And while his completion percentage was relatively low, ranking in the bottom half of the league, according to the NFL’s advanced metrics, that number was 1.4% higher than expected. That differential ranked 16th. Dalton, meanwhile, had a nearly identical percentage, but he failed to exceed expectations.
Comparing Dalton and Foles’ weekly grades
The two quarterbacks’ week-to-week performances tell much the same story as their overall ones. In the charts below, you can see their weekly grades, represented by the black dots. For comparison, you can see the average regular season OVM grades for quarterbacks from last season, represented by the yellow lines.
Neither quarterback was especially consistent. Dalton’s grades ranged from 9.6 in Week 7 to 39.54 in Week 16, a difference of 29.94 points. Foles, meanwhile, received grades ranging from 11.7 in Week 10 to 34.15 in Week 7, a difference of 22.45.
This is yet more evidence that Dalton performed worse than Foles in 2020, but it also opens the door for Fields as a starter. Rookies are often inconsistent, but even if Fields follows that trend, he wouldn’t be any different from what the Bears currently have on their roster.
Justin Fields could take the job from both of them
Despite Foles’ relative success last season, I doubt anyone would be surprised if Fields won the starting job outright before the season starts. Chicago’s front office might lose their jobs if this season goes poorly, and relying on the inconsistent talents of Foles and Dalton may not be good enough.
Fields has the potential to surpass them both almost immediately. He might have been the fourth quarterback selected in the 2021 NFL Draft, but it wasn’t due to a lack of talent. In many ways, it is less a criticism of Fields and more an indicator of how strong the class really was.
Trevor Lawrence, Zach Wilson, and Trey Lance are all excellent prospects in their own rights. Lawrence was the near-consensus No. 1, but there was a great deal of disagreement about the order after him. In fact, many believed that Fields should have been the second quarterback taken.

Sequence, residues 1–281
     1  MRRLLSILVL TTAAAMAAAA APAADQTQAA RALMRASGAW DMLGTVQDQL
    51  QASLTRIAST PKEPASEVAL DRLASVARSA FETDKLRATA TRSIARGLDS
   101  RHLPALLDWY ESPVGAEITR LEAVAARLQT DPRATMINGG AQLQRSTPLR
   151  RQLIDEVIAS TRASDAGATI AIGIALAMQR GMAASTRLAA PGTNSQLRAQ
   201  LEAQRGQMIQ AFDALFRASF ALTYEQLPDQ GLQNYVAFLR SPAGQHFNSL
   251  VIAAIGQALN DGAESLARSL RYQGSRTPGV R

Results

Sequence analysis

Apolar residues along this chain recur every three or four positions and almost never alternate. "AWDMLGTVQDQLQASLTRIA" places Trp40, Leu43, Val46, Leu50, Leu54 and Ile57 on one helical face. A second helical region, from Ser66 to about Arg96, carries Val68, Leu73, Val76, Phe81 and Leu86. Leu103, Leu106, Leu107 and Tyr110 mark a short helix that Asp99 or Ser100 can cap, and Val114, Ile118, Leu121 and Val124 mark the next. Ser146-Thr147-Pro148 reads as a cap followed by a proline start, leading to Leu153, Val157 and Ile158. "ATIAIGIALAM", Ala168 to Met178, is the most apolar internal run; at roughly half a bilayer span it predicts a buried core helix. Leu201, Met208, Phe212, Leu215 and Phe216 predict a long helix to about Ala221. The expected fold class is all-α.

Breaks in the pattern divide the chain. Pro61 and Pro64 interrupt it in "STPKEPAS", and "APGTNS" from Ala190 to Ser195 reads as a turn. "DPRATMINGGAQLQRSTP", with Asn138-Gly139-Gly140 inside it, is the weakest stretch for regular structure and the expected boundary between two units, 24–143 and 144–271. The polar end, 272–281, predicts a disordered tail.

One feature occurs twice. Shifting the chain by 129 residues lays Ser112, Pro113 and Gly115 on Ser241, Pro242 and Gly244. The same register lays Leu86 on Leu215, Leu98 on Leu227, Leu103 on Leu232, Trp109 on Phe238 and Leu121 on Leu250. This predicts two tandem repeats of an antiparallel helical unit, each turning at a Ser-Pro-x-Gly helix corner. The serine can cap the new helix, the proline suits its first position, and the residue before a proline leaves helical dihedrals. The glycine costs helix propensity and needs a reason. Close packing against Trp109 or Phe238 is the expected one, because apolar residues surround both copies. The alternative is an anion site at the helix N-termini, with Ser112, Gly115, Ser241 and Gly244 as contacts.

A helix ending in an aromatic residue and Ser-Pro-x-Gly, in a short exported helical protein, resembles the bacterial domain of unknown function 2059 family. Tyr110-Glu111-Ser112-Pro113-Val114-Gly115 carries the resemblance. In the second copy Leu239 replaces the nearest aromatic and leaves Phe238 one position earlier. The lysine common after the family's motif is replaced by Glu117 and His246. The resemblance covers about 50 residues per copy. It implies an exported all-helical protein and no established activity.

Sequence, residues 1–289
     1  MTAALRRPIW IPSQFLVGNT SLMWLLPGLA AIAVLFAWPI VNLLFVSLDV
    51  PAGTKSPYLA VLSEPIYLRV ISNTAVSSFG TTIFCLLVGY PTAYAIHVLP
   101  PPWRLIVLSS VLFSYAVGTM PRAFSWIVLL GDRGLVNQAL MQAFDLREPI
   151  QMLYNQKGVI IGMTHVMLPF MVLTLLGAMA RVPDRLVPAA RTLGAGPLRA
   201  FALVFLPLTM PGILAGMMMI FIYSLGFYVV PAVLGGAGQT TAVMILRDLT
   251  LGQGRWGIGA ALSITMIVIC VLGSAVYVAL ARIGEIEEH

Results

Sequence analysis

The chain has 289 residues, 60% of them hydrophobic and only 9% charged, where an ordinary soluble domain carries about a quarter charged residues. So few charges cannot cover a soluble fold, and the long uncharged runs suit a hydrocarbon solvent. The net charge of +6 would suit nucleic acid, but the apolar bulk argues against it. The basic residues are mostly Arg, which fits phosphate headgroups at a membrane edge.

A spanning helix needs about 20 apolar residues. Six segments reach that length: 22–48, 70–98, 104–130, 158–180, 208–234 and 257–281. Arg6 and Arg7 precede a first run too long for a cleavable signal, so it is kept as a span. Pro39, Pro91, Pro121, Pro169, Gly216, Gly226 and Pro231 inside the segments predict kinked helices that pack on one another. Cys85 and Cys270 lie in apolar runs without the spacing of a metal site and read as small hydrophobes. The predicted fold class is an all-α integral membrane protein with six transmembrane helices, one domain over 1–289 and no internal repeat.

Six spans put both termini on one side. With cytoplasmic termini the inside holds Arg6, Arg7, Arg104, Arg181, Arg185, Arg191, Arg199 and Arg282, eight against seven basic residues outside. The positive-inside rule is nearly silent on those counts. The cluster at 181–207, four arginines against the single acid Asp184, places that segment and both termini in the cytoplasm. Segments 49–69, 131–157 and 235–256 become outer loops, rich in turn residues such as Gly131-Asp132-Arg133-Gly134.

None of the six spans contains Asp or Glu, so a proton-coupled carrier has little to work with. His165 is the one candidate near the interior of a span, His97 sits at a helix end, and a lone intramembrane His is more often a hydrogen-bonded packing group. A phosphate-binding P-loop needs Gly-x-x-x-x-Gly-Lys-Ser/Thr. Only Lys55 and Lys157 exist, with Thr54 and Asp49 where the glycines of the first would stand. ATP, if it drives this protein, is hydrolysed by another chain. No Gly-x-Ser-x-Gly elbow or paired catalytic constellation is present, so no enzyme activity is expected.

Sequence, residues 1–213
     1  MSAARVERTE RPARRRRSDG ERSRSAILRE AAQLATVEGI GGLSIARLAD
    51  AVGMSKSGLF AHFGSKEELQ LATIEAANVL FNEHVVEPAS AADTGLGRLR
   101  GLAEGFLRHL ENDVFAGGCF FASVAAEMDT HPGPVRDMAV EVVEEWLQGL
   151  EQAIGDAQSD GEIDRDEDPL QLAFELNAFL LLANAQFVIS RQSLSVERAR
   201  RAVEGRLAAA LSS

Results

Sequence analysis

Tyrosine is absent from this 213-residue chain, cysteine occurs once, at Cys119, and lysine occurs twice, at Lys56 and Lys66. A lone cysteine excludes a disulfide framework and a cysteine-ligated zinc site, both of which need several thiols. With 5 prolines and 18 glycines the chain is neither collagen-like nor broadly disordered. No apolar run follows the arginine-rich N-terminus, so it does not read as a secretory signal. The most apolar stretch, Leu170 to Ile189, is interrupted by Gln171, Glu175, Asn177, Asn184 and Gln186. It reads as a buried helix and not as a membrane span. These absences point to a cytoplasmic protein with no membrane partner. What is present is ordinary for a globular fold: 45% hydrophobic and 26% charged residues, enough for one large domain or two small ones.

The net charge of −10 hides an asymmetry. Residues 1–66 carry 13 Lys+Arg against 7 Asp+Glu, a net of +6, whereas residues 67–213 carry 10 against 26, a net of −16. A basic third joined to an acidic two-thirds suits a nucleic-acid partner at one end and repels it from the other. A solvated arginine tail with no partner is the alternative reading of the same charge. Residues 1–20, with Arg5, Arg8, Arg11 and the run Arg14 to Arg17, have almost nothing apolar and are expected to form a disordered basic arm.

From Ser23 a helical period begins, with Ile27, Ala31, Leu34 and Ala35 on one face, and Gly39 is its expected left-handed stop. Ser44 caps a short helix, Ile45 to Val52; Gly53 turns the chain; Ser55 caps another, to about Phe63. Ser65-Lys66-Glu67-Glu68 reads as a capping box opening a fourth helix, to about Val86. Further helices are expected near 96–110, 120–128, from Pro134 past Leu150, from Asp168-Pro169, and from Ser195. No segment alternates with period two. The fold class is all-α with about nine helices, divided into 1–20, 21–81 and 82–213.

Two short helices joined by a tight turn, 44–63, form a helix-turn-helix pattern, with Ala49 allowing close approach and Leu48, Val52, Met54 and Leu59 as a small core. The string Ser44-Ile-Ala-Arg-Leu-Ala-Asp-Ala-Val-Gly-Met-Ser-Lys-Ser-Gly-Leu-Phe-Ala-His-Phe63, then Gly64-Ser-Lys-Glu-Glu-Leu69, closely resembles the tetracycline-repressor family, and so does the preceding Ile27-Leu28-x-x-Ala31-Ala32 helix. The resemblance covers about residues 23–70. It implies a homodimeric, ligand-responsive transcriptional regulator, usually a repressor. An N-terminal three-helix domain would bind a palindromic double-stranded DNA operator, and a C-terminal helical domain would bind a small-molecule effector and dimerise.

In short, Fields is a phenomenal prospect who might have gone first in a different year. If Chicago’s coaching staff wants to win right away and save their jobs, he might be their best bet.
Starting Foles is the best alternative if Fields isn’t ready when the season starts
If Fields isn’t ready to start right away, as rookie QBs often aren’t, then the Bears will need someone to hold the spot until Fields has acclimated somewhat to the NFL level. Assuming they actually want to win some of those games, Foles is clearly the better choice.
Of course, that still doesn’t solve the problem of Chicago having two veteran backups on the same roster. They could try to trade one of them away, although I don’t know why a team would trade for either player. They certainly won’t give up any significant draft capital to do so.
Ultimately, it’s entirely possible that the QB Chicago chooses as a stopgap might be more determined by who is easier to get rid of rather than who is the better player.
Nevertheless, even if they can’t get rid of Dalton or Foles before the 2021 season starts, the Bears can move on from both QBs after the season if they want. Dalton is on a one-year deal, and they can get out of Foles’ contract at the end of next season.
Assuming Fields lives up to his potential, we might not see much more from either Dalton or Foles in a Bears’ uniform. For now, however, the team might be stuck with them both. Still, if Fields proves to be the QB savior the Bears have been waiting for since Sid Luckman retired in 1950, I doubt anyone will complain about that.